Agostino "Angus" Giuseppe A Barbieri (1939 – 7 September 1990) was a Scottish man who fasted for 382 days, from June 1965 to July 1966. He lived on tea, coffee, sparkling water, and vitamins while living at home in Tayport, Scotland, and frequently visiting Maryfield Hospital for medical evaluation. He lost 276 pounds (125 kg) and set a record for the length of a fast.
Agostino "Angus" Giuseppe A Barbieri
|Died||7 September 1990(aged 50–51)|
In 1965, Barbieri, then a 27-year-old from Tayport, Scotland, checked into the Maryfield Hospital in Dundee. Initially only a short fast was planned, due to the doctors believing that short fasts were preferable to longer ones. Barbieri did not believe them, insisting on continuing because "he adapted so well and was eager to reach his 'ideal' weight".: 203  For 382 days (1 year, 17 days) ending on 11 July 1966, he consumed only vitamins, electrolytes, an unspecified amount of yeast (a source of all essential amino acids) and zero-calorie beverages such as tea, coffee, and sparkling water, although he occasionally consumed small amounts of milk and/or sugar with the beverages, especially during the final weeks of the fast. He quit working at his father's fish and chip shop, which closed down during the fast. Barbieri's starting weight was recorded at 456 pounds (207 kg) and he stopped fasting when he reached his goal weight of 180 pounds (82 kg). He lost weight at an average of 327 g (12 oz) per day, or 10 kg (22 lb) per month.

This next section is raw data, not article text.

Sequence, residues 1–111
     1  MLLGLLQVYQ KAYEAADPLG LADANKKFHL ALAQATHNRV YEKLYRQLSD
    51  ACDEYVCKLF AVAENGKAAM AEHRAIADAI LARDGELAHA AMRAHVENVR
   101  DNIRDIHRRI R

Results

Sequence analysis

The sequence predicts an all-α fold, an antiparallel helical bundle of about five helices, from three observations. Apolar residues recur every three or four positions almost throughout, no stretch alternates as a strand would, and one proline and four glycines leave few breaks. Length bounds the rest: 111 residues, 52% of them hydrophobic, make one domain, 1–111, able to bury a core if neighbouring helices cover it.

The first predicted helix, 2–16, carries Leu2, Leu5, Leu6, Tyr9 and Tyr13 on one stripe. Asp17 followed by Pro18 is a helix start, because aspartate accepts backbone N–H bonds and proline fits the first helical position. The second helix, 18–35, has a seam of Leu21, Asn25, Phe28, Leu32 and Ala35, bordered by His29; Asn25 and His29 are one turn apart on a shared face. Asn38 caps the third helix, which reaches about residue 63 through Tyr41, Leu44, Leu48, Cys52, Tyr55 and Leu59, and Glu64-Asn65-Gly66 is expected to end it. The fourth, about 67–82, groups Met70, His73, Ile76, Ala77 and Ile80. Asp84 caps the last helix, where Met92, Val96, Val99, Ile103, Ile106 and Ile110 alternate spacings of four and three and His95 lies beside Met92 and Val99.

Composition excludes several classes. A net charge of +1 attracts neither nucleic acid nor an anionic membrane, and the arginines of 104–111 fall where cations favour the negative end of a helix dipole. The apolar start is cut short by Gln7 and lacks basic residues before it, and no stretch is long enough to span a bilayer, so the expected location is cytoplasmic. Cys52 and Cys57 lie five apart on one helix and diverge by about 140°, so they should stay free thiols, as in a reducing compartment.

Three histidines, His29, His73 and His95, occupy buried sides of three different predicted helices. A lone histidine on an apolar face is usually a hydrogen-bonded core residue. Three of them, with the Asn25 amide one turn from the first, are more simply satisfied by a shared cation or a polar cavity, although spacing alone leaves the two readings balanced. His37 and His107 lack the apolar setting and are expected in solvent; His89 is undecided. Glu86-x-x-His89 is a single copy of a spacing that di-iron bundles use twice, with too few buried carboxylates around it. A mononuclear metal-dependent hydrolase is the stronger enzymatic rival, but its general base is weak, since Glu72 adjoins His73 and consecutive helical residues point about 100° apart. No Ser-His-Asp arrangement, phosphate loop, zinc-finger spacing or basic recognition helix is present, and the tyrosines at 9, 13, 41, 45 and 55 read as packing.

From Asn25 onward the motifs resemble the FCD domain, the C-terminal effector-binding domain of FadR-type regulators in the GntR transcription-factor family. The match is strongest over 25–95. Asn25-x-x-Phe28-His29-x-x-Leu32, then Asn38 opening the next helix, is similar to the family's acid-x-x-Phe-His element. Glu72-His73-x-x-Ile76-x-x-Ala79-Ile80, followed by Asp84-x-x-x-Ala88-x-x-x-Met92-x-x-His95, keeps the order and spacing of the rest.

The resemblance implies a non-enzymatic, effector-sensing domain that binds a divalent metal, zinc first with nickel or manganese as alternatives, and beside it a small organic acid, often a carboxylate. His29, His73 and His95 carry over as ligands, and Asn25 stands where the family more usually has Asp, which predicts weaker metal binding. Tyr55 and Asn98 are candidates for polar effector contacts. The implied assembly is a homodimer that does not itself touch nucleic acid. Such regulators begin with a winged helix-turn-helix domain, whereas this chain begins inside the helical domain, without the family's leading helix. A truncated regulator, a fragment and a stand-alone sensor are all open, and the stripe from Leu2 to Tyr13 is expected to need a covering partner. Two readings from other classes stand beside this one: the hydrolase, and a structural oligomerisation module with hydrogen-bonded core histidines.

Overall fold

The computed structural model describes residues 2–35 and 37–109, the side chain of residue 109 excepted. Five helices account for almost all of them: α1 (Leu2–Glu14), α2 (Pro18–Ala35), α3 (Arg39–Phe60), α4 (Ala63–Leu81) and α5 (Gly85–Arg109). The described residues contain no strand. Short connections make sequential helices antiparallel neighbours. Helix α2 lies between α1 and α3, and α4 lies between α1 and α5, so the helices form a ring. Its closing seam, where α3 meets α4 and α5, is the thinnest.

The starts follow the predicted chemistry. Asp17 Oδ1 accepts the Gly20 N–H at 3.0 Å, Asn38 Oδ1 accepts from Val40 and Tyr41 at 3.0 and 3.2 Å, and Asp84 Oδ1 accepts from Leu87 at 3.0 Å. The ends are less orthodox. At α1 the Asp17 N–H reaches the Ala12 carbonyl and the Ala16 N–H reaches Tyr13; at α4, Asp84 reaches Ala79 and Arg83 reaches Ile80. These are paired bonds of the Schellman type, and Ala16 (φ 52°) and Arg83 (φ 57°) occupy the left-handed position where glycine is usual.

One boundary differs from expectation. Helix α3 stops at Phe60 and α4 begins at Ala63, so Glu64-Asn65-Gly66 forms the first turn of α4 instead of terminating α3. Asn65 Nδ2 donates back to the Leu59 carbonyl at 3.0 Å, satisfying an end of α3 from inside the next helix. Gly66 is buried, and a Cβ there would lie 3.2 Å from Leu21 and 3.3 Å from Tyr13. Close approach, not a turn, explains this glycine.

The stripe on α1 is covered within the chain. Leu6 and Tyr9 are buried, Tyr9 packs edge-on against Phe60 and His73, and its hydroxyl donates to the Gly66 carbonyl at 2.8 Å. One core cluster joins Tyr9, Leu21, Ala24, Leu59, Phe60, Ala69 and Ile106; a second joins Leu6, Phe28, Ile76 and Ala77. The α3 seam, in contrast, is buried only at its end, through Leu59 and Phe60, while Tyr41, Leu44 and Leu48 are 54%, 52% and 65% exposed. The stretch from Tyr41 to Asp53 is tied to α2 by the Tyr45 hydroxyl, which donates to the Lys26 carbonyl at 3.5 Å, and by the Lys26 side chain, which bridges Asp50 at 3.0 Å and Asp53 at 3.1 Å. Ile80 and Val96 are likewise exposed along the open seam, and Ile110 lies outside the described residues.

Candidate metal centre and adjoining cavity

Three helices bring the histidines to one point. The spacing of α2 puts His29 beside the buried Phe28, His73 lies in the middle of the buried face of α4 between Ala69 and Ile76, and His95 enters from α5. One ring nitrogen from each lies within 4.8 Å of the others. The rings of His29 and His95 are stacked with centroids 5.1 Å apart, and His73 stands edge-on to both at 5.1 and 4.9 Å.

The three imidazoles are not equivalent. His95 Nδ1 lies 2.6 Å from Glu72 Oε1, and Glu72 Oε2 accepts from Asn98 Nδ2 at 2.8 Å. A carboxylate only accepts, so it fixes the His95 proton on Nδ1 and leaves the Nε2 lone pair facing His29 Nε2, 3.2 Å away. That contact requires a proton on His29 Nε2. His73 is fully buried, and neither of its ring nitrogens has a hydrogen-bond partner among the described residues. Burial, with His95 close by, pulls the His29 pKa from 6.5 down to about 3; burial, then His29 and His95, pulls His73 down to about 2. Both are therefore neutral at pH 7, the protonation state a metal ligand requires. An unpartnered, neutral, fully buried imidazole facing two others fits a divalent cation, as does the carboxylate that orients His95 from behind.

Barbieri was able to maintain his new weight, five years after the fast he was weighing 196 pounds (89 kg).
After his weight loss, he moved to Warwick and had two sons.
Barbieri died in September 1990.
In the 1971 edition of The Guinness Book of Records, Barbieri's 382-day fast was recognized as the longest recorded.: 203  In 1973, Dennis Galer Goodwin went on a hunger strike for 385 days, but he was force-fed during this period. As of 2016[update], Barbieri retains the record for the longest fast without solid food, according to Guinness officials. Guinness no longer officially endorses records relating to fasting for fear of encouraging unsafe behavior.
- ^ a b c Stewart, W. K.; Fleming, Laura W. (March 1973). "Features of a successful therapeutic fast of 382 days' duration". Postgraduate Medical Journal. 49 (569): 203–209. doi:10.1136/pgmj.49.569.203. PMC 2495396. PMID 4803438.
- ^ a b c d Brady, Jon (12 November 2016). "The tale of Angus Barbieri who fasted for more than a year – and lost 21 stone". Evening Telegraph. Retrieved 4 November 2018.
- ^ https://www.diabetes.co.uk/blog/2018/02/story-angus-barbieri-went-382-days-without-eating/
- ^ "Guinness records snub for Blaine". CNN. 4 September 2003. Retrieved 4 November 2018.